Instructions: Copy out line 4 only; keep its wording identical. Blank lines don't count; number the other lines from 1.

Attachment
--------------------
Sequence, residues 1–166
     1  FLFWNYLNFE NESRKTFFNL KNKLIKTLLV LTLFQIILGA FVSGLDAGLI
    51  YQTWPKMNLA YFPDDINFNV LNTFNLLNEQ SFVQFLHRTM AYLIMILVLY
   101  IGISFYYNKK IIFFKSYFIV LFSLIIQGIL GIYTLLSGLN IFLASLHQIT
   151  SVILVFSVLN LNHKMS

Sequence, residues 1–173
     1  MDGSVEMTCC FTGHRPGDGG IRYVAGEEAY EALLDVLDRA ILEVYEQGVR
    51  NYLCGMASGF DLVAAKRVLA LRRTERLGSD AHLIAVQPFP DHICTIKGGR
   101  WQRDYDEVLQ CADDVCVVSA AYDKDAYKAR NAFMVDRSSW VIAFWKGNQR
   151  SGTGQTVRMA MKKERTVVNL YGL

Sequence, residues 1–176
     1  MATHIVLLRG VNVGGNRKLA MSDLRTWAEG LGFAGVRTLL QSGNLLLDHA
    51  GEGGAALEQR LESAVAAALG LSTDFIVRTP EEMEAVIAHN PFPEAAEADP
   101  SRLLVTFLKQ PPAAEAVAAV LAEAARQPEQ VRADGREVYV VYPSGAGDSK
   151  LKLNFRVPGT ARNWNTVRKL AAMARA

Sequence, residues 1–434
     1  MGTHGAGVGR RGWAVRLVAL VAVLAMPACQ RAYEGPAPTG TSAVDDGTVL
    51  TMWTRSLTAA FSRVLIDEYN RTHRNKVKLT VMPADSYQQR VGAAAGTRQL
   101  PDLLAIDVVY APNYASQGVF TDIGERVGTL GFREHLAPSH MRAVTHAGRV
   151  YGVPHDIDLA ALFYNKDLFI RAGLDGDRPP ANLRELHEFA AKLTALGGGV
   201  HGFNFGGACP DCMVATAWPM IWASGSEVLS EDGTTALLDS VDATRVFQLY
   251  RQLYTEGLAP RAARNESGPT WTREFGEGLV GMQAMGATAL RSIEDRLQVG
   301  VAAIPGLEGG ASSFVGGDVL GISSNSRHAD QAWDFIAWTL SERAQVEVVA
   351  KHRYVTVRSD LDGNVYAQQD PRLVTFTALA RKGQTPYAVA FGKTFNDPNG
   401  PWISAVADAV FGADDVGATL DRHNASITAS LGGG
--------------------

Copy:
   101  IGISFYYNKK IIFFKSYFIV LFSLIIQGIL GIYTLLSGLN IFLASLHQIT